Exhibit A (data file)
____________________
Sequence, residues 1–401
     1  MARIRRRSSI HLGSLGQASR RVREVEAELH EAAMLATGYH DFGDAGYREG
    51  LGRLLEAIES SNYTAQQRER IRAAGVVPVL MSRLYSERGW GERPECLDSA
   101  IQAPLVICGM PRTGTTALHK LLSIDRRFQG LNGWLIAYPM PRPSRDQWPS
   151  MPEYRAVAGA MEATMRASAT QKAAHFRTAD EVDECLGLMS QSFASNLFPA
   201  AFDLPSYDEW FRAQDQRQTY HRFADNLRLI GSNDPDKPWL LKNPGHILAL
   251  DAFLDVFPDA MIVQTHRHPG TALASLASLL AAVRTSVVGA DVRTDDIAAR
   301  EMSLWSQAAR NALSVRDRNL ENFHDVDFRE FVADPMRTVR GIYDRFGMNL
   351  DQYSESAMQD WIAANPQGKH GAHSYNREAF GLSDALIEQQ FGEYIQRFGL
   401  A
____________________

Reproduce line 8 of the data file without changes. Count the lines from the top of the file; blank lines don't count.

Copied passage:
   301  EMSLWSQAAR NALSVRDRNL ENFHDVDFRE FVADPMRTVR GIYDRFGMNL